More than half of Spaniards unwilling to take Covid-19 vaccine immediately

More than half of Spaniards will not be willing to get COVID-19 vaccination as soon as they are available, according to the results of a new survey, reports Reuters.

More than half of Spaniards unwilling to take Covid-19 vaccine immediately
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This comes as the Spanish government announced a target of 15-20 million vaccinations, around a third of the population, by mid-2021.

There are now a few different vaccines which have been proved successful against Covid-19 during testing, but one of the biggest hurdles for governments will be to convince enough of their citizens to get one, so that herd immunity can take place.

Even in Spain, where vaccination rates are typically high, this may prove to be difficult, as shown by the official survey by the Centre for Sociological Studies (CIS).

The results showed that just a third of the population would be ready to take the Covid-19 vaccine immediately, while 55.2 percent of them would want to wait and see what the potential side effects could be fist. The poll was carried out between November 23 and 26 on 2,130 people.

However, out of the 55.2 percent of people who would rather wait, almost 60 percent said that they would change their mind if their doctor recommended them to take it because they were at risk or were putting their family members at risk.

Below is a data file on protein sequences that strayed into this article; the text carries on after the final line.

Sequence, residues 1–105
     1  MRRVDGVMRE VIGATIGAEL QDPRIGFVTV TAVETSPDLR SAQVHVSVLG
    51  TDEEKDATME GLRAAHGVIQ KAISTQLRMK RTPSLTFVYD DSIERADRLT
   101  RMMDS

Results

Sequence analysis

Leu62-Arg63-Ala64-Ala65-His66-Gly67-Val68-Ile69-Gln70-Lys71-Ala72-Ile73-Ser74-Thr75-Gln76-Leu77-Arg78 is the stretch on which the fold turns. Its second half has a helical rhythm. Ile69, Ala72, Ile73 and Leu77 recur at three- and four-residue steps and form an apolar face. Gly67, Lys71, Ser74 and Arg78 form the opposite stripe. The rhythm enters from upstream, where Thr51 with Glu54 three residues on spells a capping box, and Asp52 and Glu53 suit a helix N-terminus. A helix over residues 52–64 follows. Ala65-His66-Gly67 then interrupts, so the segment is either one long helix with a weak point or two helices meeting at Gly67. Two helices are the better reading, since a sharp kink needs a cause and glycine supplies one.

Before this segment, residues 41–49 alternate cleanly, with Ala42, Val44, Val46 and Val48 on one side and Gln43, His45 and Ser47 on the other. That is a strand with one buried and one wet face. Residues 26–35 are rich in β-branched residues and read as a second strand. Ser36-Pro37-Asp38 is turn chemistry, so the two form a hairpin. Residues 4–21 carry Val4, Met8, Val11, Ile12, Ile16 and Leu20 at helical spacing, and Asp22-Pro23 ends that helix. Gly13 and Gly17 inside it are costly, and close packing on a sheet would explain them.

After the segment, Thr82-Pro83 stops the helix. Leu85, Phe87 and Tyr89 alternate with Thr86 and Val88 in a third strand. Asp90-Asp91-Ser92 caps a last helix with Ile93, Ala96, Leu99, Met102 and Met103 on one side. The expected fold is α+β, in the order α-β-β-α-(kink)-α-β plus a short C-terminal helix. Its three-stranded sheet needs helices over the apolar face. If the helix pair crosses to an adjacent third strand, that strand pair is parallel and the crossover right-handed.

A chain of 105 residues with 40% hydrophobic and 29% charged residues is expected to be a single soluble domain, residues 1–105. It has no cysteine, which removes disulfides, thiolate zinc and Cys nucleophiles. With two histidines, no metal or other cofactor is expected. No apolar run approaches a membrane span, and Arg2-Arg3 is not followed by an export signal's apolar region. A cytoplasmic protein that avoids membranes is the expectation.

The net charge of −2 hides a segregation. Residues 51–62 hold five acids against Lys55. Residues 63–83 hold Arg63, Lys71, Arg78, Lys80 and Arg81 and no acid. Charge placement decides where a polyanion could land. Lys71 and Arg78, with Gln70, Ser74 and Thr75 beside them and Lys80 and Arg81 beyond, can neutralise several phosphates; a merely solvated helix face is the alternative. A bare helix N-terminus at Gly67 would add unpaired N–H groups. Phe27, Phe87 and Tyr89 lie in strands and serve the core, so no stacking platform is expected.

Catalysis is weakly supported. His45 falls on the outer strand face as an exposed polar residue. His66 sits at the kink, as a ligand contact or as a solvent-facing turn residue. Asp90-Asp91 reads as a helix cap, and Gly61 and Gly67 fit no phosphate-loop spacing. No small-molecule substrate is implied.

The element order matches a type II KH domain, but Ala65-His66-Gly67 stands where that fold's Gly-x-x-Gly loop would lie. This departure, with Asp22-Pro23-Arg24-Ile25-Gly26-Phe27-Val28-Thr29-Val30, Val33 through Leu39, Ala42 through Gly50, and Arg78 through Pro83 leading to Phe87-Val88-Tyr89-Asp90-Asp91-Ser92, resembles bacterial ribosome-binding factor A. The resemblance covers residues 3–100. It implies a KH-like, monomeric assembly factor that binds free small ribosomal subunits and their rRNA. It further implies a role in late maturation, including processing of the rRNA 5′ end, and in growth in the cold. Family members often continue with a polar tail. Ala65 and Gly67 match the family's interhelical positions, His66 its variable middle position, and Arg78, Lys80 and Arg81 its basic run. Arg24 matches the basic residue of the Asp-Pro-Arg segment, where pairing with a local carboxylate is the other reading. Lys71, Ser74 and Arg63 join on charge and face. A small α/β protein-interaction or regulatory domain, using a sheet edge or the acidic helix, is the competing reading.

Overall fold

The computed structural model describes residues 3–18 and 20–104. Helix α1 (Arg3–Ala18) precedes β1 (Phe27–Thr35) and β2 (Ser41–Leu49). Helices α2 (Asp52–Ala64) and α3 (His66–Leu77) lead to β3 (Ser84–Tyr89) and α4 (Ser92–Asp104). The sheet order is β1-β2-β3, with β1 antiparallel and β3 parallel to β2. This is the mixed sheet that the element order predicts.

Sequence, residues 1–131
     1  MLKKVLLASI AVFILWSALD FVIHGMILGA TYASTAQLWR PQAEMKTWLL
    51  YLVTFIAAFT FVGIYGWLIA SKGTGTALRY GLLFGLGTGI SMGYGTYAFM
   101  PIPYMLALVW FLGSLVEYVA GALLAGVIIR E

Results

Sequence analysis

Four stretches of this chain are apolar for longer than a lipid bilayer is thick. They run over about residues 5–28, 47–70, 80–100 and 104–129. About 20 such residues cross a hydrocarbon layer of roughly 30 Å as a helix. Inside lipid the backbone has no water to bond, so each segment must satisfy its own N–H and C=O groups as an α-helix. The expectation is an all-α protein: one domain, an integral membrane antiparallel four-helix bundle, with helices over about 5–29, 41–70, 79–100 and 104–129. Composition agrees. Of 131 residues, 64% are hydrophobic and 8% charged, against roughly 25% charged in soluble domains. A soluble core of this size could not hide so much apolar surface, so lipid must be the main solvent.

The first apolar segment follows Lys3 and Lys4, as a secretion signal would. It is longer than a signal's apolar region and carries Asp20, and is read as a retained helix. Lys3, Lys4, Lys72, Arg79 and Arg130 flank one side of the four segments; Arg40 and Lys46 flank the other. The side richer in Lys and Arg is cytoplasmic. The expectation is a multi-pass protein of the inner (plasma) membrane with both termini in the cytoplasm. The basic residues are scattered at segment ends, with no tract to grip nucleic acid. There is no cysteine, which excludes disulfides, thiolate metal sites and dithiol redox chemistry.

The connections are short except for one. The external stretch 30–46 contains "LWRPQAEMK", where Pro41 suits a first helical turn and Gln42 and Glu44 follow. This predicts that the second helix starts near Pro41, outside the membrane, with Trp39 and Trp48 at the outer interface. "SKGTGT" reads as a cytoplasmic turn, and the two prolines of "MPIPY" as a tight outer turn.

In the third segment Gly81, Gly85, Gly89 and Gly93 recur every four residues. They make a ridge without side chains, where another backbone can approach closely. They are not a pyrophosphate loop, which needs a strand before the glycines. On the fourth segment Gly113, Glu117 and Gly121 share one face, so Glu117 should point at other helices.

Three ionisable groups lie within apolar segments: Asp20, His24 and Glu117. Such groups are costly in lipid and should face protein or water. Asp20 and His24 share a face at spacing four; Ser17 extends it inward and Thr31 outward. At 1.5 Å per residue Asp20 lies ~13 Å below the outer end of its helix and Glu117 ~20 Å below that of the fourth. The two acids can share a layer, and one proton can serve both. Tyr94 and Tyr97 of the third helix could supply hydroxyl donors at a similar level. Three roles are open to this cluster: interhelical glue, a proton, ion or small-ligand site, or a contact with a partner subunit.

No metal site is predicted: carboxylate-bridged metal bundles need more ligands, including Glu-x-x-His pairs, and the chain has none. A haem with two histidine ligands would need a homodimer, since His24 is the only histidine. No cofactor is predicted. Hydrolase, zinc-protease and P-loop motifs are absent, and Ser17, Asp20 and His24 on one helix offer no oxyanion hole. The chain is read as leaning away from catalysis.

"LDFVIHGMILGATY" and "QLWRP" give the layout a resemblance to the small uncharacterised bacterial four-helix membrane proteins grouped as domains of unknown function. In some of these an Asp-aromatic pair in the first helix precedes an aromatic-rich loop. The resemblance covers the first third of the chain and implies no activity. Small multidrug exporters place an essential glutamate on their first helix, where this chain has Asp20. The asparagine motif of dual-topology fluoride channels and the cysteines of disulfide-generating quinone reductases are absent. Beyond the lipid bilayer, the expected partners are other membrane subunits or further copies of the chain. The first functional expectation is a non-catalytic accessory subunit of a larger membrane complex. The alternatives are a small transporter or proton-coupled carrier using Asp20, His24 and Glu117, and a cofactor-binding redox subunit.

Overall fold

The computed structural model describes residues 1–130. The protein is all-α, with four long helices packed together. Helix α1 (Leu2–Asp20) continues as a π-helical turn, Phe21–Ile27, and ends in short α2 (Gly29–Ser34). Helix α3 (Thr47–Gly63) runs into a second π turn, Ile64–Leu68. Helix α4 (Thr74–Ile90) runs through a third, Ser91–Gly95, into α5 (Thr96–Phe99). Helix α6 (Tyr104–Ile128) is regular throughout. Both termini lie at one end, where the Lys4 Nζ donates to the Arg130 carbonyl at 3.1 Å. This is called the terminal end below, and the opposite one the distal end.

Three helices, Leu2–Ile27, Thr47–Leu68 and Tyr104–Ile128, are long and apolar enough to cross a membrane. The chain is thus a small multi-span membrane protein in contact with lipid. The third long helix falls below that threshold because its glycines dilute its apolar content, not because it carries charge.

Only 8.4 percent of Spaniards would refuse to take any sort of vaccine.

Last week the Spanish government unveiled its vaccination plan for when the vaccines are approved. Health Minister Salvador Illa has said that the Covid-19 vaccine will be free and voluntary.

The plan is to start vaccinating in nursing homes first from January.

Prime Minister Pedro Sanchez has said that he expects to have between 15 and 20 million people to be vaccinated by May or June 2021. This would be just under half of the population, as Spain has 47 million inhabitants.

In a previous CIS survey, carried out between November 3 and 12, 36.8 percent said they would take the vaccine shot immediately, while 47.8 percent said they would not, however the question in that survey did not include the option of waiting for the effects to be known first.


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Spain rules out EU’s advice on compulsory Covid-19 vaccination 

Spain’s Health Ministry said Thursday there will be no mandatory vaccination in the country following the European Commission’s advice to Member States to “think about it” and Germany’s announcement that it will make vaccines compulsory in February.

Spain rules out EU's advice on compulsory Covid-19 vaccination 
A Spanish man being vaccinated poses with a custom-made T-shirt showing Spain's chief epidimiologist Fernando Simón striking a 'Dirty Harry/Clint Eastwood' pose over the words "What part of keep a two-metre distance don't you understand?' Photo: José Jordan

Spain’s Health Minister Carolina Darias on Thursday told journalists Covid-19 vaccines will continue to be voluntary in Spain given the “very high awareness of the population” with regard to the benefits of vaccination.

This follows the words of European Commission chief Ursula von der Leyen on Thursday, urging Member States to “think about mandatory vaccination” as more cases of the Omicron variant are detected across Europe. 

READ ALSO: Is Spain proving facts rather than force can convince the unvaccinated?